Max Horkheimer said, “Well-informed cynicism is only another mode of conformity.” Like me, you’ve probably been the target of organizational culture change initiatives. Companies have told us what values we should have. We’ve tried to live those values while expecting our coworkers and leaders to do the same. When others disappointed us, we became cynical. In this post, I’m proposing real behaviors, not values. I’m fortunate to work with individuals and organizations that actually do these behaviors. They have inspired me. I know that the world of work can change.
Last week, in Part I of this post, I wrote about why the world of work needs to change. Toward the end of that post, I asked you to imagine an employer who accepted and acted on the same responsibility that we can each take for improving our own satisfaction with work. I ended the post by asking, what would that employer look like?
people are an end in themselves, and not just a means of production
That employer would truly put people first. They would know that people are an end in themselves, and not just a means of production. This means that employees have non-working lives that are at least equally important to their employer as they are to the employees, and then they are workers only second; maybe even third or fourth. This is respect, and respect also means non-judgmental acceptance of individual uniqueness, accepting what is important or not to each person.
doing something that is meaningful to each person
But respect alone is not enough. The employer must show that they respect enough to care; caring is active. To be caring means actually doing something that is meaningful to each person. To be caring, employers and employees need to be able to have a conversation about what is important. Sure, money is important, but decades of research show that money only goes so far. Once people are compensated fairly, there is so much more that makes a job great. Employees need to communicate those things that will help them thrive in the organization, and then understand how working there can help them thrive in their life outside of work. Employers need to listen and act.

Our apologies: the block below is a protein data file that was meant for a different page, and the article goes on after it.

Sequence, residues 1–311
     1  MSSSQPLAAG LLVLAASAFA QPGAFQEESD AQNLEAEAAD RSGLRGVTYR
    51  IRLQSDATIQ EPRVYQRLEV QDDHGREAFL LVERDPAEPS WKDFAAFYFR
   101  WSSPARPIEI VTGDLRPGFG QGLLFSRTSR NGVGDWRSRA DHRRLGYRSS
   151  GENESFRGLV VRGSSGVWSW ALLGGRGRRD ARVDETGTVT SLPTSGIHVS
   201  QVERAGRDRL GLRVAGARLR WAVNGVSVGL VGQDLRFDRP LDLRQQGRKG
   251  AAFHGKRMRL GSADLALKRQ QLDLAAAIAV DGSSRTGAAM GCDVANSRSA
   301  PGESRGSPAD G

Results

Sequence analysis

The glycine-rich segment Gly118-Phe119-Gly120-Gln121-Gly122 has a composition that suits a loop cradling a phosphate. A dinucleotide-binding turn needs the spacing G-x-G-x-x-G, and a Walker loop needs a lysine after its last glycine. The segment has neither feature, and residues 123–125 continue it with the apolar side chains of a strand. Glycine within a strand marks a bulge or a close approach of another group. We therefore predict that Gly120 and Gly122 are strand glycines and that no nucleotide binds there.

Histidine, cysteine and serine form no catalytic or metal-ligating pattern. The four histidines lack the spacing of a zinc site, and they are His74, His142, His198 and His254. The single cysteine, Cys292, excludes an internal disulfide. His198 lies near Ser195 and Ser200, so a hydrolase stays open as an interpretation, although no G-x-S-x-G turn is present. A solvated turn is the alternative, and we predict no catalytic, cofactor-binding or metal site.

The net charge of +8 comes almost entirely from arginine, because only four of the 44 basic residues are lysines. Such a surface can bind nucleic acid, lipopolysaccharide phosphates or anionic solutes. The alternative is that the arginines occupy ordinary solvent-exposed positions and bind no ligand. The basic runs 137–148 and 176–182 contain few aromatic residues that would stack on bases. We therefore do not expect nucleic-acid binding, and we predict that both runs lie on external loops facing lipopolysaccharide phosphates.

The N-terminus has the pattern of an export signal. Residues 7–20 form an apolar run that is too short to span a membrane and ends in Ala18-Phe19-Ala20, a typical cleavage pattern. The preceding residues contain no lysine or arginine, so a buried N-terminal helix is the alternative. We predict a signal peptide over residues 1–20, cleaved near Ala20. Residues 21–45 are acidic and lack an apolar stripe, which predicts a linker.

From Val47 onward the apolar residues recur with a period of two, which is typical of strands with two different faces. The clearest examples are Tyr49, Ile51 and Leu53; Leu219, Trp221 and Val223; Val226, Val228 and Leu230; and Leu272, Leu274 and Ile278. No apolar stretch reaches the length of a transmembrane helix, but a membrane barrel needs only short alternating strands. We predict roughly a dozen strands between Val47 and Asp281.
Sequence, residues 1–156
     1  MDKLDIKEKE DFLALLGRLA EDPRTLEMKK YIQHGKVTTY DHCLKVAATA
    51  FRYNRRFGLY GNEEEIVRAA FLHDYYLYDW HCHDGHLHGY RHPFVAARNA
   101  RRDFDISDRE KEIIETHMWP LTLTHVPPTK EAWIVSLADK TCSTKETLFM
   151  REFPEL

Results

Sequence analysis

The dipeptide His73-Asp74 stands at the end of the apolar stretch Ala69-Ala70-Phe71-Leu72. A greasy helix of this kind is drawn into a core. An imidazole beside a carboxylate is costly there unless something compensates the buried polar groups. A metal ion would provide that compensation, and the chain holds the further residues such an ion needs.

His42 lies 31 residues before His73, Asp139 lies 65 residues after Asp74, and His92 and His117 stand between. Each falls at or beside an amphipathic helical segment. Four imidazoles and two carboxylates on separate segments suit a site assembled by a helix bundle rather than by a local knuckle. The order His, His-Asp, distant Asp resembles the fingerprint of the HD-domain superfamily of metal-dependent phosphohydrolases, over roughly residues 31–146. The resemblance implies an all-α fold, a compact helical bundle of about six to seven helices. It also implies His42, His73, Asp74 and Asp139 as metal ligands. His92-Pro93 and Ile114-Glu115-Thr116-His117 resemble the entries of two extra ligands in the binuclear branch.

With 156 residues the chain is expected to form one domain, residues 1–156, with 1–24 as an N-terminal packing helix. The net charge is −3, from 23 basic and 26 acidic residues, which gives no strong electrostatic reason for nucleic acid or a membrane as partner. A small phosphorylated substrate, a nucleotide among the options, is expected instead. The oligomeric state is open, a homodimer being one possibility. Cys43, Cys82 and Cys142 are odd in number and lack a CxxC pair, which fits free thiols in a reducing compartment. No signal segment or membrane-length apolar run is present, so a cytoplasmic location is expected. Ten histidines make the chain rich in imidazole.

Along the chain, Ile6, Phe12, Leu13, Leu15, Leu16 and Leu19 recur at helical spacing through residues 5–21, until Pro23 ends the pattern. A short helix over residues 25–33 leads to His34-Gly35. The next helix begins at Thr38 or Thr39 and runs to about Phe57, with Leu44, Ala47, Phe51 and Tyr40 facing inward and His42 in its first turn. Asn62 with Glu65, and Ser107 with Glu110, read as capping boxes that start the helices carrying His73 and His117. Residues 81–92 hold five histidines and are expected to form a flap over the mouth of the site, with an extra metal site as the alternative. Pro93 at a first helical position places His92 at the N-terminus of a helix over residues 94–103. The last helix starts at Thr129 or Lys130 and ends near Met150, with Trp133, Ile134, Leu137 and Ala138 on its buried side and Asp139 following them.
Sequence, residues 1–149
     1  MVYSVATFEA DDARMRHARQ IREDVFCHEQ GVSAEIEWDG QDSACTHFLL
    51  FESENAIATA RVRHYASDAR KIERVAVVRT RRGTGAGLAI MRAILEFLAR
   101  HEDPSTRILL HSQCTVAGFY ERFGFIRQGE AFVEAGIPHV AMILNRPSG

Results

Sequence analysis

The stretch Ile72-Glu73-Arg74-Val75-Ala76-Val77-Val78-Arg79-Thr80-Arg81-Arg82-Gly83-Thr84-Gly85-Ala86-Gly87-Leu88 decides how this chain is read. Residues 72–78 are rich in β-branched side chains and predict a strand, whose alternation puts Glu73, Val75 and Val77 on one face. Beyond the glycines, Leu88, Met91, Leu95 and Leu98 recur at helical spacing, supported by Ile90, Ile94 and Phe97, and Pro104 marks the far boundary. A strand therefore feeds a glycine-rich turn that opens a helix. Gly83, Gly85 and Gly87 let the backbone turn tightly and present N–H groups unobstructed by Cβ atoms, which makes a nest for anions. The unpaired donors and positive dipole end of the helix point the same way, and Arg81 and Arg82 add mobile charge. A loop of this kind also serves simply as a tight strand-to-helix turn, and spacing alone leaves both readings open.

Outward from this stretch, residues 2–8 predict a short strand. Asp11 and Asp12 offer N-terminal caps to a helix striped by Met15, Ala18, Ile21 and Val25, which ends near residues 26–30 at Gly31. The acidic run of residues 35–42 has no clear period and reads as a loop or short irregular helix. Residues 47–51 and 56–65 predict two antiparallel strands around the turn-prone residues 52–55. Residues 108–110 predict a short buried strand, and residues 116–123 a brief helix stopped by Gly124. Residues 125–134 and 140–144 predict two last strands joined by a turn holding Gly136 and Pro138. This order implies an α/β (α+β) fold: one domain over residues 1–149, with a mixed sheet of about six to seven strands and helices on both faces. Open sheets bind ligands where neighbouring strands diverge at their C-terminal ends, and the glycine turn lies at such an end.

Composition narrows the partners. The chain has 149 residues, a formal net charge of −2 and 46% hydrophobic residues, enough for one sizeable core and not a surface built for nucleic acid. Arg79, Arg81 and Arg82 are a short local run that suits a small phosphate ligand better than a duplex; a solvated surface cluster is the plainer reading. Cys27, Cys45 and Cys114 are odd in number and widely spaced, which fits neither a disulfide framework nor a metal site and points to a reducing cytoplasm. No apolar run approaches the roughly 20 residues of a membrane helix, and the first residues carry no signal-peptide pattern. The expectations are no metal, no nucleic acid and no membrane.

an employer who respects employees enough to support them in a way that the individual employees actually want
Does this employer sound too good to be true? Winston Churchill said that courage is the greatest of human qualities because it guarantees all others. Why does it take courage to be that employer who respects employees enough to support them in a way that the individual employees actually want? It takes courage because this is not our current world of work. Courage often means being first. With being first and being different comes uncertainty.
it’s the true innovator who will change the world of work
For most of us, so much of what we do in our lives we do to reduce uncertainty. But if it’s so uncomfortable to be first, then how does innovation happen? True innovators struggle to conform. They struggle to work for someone else or do the same thing over and over. For them, the uncertainty that comes with innovation is a welcome gift. For the innovator, certainty is bondage. It’s the true innovator who will change the world of work.
without commitment, this is just talk
An often-heard complaint in organizations is that senior leaders are out of touch with the day-to-day. My response is that, in most organizations, they should be. Innovators are on to their next project before most of us have learned about their last project. Being in touch with the day-to-day is the job of a manager, it’s not the job of a visionary, innovative leader. But again, to care means to put people, those people for whom uncertainty creates anxiety, first. This means that respectful, caring and courageous leaders need to ensure that their leadership team is committed to following through on all those innovative things that support thriving in the organization. Respect, care and courage, not backed-up with commitment, is just talk . . . perhaps, it’s not respect, not care, and not courage, at all.